AN award-winning oyster farmer drowned in freezing water as he tried to rescue equipment that had broken loose, an inquiry has found.

Hugo Vajk was harvesting oysters from his farm in the water of Loch Creran, near Oban, Argyll, when he got into difficulty in January 2018.

A Fatal Accident Inquiry into the incident heard that the 62-year-old and his colleague Marcin Sapinski were both working at low tide when a plastic floating platform they were using broke free and floated into deeper water.

Mr Vajk, who was not wearing a lifejacket, swam after it but was spotted motionless shortly after.

Mr Sapinski tried to swim out to rescue him, but the water was too cold and he began to experience breathing difficulties.

He decided to turn back to the shore and call for help.

By the time the emergency services arrived, they found Mr Vajk - who ran the Caledonian Oyster Co with his wife Judith - unresponsive in the water around 200m from the shoreline and five metres from the edge of the oyster farm.

He was taken to the Lorn and Islands Hospital in Oban but was pronounced dead two hours later.

A post-mortem confirmed that he had drowned and noted a history of asthma.

The FAI into the death at work took place at Oban Sheriff Court.

In a decision published yesterday, Sheriff Patrick Hughes ruled that Mr Vajk, who was born in France, drowned after becoming incapacitated and would have experienced breathing difficulties due to the cold water.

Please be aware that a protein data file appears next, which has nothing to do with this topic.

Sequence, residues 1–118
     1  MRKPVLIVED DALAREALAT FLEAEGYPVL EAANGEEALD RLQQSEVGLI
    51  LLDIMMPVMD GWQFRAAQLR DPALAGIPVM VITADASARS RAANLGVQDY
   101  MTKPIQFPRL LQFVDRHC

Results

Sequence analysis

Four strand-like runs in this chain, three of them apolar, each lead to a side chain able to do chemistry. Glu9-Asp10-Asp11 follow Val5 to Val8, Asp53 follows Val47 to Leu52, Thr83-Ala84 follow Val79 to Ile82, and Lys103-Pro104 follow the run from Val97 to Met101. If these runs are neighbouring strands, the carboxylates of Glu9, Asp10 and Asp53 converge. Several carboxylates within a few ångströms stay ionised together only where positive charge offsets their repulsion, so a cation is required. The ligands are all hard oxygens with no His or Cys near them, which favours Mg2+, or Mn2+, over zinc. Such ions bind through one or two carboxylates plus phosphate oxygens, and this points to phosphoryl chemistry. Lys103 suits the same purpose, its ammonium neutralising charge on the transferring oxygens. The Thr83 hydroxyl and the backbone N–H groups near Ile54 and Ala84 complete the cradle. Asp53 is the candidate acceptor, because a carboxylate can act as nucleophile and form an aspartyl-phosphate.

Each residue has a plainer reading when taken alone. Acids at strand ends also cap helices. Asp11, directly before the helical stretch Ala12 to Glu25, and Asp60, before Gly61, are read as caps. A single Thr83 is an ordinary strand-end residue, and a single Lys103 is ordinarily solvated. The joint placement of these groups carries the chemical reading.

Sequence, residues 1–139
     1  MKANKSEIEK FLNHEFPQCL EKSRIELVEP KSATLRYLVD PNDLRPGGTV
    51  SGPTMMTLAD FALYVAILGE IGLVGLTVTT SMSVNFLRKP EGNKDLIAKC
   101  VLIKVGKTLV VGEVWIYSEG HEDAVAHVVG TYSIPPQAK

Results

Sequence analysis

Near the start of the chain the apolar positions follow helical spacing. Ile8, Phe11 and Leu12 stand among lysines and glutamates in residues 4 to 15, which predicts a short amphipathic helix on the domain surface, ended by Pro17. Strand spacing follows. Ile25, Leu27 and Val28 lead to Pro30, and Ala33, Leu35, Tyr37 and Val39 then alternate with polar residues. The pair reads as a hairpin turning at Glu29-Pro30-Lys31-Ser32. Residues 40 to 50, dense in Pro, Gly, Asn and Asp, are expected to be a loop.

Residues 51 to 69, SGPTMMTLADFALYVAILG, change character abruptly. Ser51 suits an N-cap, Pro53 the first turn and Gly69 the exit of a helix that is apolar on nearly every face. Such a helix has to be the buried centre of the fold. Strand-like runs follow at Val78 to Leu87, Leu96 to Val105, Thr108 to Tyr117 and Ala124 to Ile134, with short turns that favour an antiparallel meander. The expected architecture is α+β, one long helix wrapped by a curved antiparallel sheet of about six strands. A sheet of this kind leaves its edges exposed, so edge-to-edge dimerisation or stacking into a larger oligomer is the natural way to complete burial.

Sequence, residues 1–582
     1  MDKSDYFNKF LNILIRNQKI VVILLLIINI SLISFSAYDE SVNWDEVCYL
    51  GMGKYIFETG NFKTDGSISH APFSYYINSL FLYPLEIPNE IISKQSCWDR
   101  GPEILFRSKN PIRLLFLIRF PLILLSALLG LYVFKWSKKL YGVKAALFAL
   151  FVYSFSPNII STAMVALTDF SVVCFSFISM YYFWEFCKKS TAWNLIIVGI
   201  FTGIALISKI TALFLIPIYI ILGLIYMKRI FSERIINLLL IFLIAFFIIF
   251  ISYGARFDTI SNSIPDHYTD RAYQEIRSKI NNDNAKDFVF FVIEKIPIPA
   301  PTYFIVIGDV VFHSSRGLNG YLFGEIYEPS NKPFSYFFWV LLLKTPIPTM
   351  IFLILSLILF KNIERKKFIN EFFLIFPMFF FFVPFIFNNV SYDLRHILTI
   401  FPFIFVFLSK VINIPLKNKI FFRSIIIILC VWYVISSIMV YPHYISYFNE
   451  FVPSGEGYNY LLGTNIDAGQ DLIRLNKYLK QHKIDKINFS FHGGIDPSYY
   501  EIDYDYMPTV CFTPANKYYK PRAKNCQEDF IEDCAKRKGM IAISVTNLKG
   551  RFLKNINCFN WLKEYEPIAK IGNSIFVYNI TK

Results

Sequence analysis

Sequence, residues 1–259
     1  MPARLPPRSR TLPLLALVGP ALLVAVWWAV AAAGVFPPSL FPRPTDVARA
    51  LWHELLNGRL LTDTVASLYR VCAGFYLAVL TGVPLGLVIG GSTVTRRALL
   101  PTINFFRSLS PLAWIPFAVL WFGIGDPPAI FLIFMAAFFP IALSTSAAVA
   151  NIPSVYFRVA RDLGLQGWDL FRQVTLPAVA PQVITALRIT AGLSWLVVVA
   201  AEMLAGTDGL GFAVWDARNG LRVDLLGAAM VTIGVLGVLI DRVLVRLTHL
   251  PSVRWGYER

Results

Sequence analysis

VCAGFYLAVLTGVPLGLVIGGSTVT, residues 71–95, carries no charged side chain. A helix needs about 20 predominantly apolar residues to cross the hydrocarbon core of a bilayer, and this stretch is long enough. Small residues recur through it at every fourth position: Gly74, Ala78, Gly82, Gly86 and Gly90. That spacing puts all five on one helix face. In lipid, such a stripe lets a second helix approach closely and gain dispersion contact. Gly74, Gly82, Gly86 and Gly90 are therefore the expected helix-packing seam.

He added: “The representatives of both the Crown and Mr Vajk’s family sought only formal findings.

“I agree that no further findings are necessary.

“It is clear that Mr Vajk drowned after becoming incapacitated whilst swimming after the raft.

“The most likely explanation for this is that he experienced the same breathing difficulties caused by the cold water that were described by Mr Sapinski; in Mr Vajk’s case these problems may have been exacerbated by his asthma.

“Swimming would also have been made more difficult by his clothing becoming waterlogged.

“At the hearing on 27 January 2020 I expressed my condolences to those members of Mr Vajk’s family who were present in court.

“I do so again now, and hope that this determination may offer them some degree of closure.”

Mr and Mrs Vajk began running the farm in 1995 after returning to Scotland following spells working in France and Guernsey.

The couple have a son and two daughters.

Their company won top prize for Best Native Oysters at the Association of Scottish Shellfish Growers annual conference in Oban in October 2017, having won the same award in 2014.

Following her husband’s death, Mrs Vajk the family had been left shocked by what happened.

“He was a great husband and he was a well respected oyster farmer,” she said. “He knew his job inside out.

“He wasn’t Scottish, but he loved living up here and he loved spending time with his children.

“He loved sailing. He was a member of Oban Sailing Club.

“He was just working at low tide. He ended up in the water and a colleague could not get him out. We are all just shocked about it.”

The Health and Safety Executive (HSE) investigated the accident and noted it was not common to wear buoyancy aids while oyster farming because they normally work in water just a metre deep and because of an increased risk of snagging.